This kind of crafting system on paper seems to limit the experimentation on the armor sets you can make in-game, however, Phoenix Labs created an interesting system to at least allow players some semblance of armor customization.


Aside from the base stats and skill abilities your armors inherit from creation, equipment have slots that you can put “cells” into, which provide more skill points for your equipment.

Dauntless’ slotting system is a bit more intricate than your usual slotting system, because you can’t just simply slot in whatever cells you have into them. Cell slotting in Dauntless requires you to use a specific required cell on the specific slot. Cell slots are armor dependent but fall under five general classifications which are Power, Defense, Mobility, Technique, and Utility.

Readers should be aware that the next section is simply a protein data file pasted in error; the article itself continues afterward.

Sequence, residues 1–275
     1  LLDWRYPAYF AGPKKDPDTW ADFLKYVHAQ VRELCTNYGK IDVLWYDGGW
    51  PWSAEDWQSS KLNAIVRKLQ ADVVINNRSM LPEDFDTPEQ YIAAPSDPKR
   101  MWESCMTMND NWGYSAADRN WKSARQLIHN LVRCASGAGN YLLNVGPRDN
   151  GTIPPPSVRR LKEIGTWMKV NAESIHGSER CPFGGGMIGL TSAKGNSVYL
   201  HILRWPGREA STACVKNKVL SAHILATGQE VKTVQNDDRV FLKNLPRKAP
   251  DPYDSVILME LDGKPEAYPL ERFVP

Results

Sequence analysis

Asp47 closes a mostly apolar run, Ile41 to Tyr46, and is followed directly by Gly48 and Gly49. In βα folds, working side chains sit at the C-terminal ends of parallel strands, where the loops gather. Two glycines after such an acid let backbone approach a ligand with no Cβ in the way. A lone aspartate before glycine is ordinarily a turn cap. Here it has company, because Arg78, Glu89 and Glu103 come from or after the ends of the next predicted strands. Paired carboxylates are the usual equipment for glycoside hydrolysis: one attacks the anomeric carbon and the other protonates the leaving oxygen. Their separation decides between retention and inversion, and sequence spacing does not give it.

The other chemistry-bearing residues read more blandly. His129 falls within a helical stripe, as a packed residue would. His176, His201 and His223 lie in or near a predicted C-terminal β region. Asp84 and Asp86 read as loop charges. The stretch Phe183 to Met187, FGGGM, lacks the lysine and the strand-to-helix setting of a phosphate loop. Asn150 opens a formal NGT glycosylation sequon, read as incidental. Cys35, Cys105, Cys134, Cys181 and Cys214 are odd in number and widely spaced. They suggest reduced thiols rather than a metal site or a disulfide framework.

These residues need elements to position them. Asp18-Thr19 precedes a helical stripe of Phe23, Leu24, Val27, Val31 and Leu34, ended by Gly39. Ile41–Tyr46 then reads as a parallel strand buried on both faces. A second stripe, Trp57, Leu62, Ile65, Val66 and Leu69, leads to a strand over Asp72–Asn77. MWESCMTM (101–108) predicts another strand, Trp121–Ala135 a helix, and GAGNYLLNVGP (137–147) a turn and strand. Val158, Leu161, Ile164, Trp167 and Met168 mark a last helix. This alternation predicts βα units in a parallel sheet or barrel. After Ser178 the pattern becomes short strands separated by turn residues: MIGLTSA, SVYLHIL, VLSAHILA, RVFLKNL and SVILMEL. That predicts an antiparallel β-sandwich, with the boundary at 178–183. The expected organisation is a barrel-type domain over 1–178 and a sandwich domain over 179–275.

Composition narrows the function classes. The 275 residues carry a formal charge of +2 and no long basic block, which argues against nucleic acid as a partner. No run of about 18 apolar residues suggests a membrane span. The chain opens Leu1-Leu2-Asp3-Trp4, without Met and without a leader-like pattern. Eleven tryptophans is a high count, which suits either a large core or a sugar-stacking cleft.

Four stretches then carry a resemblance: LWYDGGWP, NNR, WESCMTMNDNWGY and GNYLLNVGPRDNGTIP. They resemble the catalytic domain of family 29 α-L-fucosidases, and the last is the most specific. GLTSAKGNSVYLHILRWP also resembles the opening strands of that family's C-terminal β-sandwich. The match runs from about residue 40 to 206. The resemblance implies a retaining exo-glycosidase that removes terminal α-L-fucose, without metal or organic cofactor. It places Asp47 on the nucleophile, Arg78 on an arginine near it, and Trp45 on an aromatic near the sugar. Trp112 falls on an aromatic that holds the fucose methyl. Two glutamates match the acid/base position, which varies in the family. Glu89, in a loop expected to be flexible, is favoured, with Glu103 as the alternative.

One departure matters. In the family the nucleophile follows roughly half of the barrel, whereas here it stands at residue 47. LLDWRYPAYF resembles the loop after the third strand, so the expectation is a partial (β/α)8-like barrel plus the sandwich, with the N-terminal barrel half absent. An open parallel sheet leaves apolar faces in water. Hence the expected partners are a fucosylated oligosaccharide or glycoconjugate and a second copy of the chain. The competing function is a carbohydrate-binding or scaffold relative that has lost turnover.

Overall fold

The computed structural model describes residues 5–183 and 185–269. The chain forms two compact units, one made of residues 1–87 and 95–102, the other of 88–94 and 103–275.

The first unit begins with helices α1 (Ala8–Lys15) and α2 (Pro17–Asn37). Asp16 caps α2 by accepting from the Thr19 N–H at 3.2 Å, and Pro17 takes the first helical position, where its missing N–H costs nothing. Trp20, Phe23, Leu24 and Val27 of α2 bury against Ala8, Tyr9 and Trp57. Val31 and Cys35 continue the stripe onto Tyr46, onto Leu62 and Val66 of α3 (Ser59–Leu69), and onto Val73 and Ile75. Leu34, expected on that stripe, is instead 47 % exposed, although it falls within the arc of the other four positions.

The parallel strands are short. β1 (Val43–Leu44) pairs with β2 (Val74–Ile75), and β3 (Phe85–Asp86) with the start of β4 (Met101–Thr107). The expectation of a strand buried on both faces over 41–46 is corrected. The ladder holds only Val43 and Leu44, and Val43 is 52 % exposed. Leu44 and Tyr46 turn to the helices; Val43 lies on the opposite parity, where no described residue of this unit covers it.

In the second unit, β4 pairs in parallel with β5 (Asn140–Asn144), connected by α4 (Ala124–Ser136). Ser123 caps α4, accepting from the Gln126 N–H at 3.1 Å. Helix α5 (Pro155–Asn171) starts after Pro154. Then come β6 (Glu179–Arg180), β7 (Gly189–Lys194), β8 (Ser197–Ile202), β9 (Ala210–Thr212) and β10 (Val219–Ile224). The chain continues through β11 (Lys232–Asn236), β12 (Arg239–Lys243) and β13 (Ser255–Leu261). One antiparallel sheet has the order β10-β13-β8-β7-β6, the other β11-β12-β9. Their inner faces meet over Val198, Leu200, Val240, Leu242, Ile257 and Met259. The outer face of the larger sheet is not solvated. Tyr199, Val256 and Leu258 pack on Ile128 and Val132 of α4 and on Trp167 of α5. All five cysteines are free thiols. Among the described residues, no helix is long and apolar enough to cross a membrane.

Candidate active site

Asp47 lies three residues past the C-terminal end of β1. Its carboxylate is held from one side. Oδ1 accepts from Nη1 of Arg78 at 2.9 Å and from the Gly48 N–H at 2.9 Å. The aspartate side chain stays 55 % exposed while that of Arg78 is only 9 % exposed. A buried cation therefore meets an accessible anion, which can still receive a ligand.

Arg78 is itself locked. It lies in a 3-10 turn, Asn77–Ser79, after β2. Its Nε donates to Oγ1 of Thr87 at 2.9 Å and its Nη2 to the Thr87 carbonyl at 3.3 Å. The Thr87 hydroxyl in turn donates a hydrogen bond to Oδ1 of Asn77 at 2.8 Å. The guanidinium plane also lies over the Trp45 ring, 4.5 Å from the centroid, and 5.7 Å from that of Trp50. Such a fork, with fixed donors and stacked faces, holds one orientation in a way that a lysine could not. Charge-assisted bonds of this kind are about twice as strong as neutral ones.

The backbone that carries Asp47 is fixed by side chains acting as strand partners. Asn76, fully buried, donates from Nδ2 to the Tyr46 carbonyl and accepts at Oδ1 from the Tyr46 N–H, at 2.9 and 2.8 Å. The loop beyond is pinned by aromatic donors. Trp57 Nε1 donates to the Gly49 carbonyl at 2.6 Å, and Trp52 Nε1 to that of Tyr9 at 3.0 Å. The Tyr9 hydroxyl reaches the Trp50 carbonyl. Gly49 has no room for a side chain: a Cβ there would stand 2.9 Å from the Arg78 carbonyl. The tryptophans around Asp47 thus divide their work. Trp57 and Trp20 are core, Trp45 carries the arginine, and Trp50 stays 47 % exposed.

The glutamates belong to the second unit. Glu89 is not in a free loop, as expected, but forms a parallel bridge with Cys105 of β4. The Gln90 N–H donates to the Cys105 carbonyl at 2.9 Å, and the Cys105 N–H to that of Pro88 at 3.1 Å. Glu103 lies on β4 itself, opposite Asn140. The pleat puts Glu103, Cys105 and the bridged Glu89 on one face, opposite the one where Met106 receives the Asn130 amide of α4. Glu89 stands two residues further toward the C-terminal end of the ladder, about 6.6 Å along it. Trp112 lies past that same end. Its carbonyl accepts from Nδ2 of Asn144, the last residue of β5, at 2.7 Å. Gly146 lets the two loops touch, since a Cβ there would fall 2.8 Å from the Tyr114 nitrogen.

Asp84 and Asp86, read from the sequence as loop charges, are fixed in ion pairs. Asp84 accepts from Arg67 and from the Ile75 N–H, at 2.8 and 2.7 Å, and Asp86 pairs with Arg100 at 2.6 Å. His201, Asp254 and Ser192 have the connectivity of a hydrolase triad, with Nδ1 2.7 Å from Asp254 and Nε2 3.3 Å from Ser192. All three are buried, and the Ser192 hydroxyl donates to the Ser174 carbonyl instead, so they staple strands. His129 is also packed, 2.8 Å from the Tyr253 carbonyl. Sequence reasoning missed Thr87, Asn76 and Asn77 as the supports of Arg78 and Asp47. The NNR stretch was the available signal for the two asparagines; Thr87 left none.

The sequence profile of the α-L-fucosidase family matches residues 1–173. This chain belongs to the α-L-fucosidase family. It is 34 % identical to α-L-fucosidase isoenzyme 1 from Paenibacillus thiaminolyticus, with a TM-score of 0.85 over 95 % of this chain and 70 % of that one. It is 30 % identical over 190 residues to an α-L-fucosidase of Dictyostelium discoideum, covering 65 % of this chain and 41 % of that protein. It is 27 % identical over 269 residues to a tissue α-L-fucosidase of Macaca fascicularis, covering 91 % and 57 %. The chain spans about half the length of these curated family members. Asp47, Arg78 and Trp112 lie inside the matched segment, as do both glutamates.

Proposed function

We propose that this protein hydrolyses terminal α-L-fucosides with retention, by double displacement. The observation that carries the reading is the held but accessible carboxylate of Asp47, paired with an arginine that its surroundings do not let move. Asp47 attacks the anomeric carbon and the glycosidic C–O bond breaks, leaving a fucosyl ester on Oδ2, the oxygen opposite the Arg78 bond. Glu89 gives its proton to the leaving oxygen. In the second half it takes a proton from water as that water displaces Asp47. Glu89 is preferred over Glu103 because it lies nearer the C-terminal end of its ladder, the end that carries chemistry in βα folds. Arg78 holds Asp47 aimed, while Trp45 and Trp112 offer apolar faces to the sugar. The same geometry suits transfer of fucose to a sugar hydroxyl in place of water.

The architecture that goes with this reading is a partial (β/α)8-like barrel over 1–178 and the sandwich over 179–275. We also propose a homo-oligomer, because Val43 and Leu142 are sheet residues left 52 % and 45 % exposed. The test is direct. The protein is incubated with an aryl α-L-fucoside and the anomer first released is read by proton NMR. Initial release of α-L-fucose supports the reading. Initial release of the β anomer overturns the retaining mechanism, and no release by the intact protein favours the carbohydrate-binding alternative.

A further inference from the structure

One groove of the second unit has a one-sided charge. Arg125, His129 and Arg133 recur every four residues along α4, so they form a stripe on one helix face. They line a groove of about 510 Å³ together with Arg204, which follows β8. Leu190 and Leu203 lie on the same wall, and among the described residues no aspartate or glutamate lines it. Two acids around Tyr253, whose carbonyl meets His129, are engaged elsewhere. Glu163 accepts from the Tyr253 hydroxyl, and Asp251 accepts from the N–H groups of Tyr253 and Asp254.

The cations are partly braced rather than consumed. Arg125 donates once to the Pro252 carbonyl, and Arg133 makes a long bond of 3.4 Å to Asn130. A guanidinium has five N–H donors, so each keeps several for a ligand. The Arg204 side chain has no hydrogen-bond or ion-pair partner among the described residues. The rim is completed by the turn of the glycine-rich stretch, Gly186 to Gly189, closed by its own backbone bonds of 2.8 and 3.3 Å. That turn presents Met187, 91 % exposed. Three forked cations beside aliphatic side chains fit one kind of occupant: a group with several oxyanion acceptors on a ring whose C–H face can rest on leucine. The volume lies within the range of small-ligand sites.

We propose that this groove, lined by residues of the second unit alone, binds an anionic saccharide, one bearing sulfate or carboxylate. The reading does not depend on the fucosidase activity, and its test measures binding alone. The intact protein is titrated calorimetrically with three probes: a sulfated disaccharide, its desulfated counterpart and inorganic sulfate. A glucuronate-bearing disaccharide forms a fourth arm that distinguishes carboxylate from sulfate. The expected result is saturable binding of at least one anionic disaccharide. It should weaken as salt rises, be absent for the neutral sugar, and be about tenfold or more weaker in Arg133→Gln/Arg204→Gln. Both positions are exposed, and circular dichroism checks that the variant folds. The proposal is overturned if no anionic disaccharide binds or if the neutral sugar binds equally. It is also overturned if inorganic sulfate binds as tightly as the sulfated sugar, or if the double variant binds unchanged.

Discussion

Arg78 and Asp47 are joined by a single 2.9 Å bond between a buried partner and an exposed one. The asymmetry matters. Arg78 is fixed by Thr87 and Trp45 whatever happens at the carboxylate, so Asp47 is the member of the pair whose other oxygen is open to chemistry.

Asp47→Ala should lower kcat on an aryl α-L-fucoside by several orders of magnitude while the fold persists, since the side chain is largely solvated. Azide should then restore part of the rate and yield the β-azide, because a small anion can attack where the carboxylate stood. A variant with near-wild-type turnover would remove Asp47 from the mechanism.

While restrictive, the current Cell system in Dauntless allows players to play around with the 41 perks (or armor/weapon abilities) that the game has. At least players can still experiment with the current Cell system to suit their playstyle.

Conclusion: 4.5/5 (Great)
There are still game breaking bugs, but the speed of how they’re fixed encourages me to keep on supporting Phoenix Labs.

So far, Dauntless has been spot on in providing the monster hunting experience the PC platform lacks. As a fan of the MH franchise, I was not disappointed with the experience Phoenix Labs developed in Dauntless.